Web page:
Sorry, Not Sorry
Apologies that Aren’t
Apologies in todays world are interesting things. I have watched our President never apologize, but instead lie about things he has said or done. I have watched Venture Capitalists who have blatantly harassed women sexually tell me they are “creeps” before telling me that are sorry, or tell me they have “more work to do” on themselves, simultaneously disputing accounts of events. I have watched female VCs who have worked with these men be shocked and say this may not be true because it wasn’t “their” experience.
That’s not how it works. That’s not how ANY of this works.
In the case of the Sorry VCs, I have read all sorts of excuses, reasons why it happened, and shocked essays from those who profess that “this guy would never do this thing.” Except he did. The trust in these men is gone. Were I a female founder, I would feel awkward and uncomfortable in a room with any one of these men, and escape as soon as I could. It doesn’t matter that he may not harass me. What matters is that he harassed another woman. To deny this colludes in my own oppression and the oppression of all women. So, the bottom line is that there is no excuse, and yes, he was and is a “creep.”
Does this mean people can’t change or that we should not give someone on the road to self awareness chance. of course not. but something very essential needs to come first. A TRUE apology.
Here’s how it works:
There are four steps to any apology and all of them have to be completed sincerely. (This is basic Psychology and can be found simply googling ‘how to apologize.”) There is no order to the steps exactly, but probably better to do 1. and 2. first.
- I hurt you — Say how you hurt the other person or people. Acknowledge that they are not crazy, or overreacting or any other gas lighting you can think of. You hurt them, and you don’t get to decide by how much. Only they do. This step is about empathy, and understanding that your experience is not more important than theirs.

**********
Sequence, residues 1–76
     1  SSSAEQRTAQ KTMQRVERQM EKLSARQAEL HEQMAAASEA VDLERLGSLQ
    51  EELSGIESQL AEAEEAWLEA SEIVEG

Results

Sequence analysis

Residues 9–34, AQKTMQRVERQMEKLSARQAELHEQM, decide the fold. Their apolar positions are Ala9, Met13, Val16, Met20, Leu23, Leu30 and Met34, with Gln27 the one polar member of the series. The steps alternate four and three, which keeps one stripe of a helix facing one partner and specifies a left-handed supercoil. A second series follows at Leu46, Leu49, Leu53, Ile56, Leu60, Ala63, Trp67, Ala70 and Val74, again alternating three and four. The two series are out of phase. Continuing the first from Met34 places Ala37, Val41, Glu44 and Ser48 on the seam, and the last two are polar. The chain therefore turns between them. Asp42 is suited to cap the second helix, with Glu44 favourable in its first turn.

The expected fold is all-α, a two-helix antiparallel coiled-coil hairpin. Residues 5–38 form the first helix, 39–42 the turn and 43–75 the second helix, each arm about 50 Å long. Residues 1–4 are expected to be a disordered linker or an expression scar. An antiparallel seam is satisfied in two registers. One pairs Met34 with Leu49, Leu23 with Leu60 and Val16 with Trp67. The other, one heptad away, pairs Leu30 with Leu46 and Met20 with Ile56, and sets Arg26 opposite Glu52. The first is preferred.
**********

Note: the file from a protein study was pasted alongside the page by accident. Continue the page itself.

- I’m sorry — BE sorry. Say it because you are, not because the teacher makes you or all the other VC’s threaten to punch you out. Above all, don’t follow your “I’m sorry” with “but, you…” or “It wasn’t my fault because” and especially not “everyone else was doing it so I thought I could, too.” But also, say this as soon as you realize that you’ve mistreated someone else.
- I won’t do it again — Mean this. Make the other person believe you. This is not done with repeated apologies or by telling them ways in which you have already made it up to them. Because you haven’t. This is done by finally asking them how you hurt them exactly, and then don’t do it again. To anyone. Only this behavior will reagin trust, but it won’t be immediate. it will take time and people will watch to see if you do do it again.
- How can I make it up to you? — and then do it. Making amends is essential because you have already removed a level (or five) of trust in the relationship. Be thoughtful about this step. Token gestures or empty promises will not repair anything and will hurt you further. Guilt is not the motive, honest reparation is.
Danah Boyd has a great piece in which she lays out what needs to happen for tech to change. She talks about the four “R’s” and says we need: Recognition, Repentance, Respect, and Reparation. These steps are eerily reminiscent of the personal apology.
Leadership and Management need to do some personal work before anything can change, and then take that work into their corporations. Learning how to empathize and honor another’s experience is the way to have respect among team members. Respect in the workplace is the single greatest contributor to retain loyalty. Respect only happens through trust. Respect through fear, is simply fear.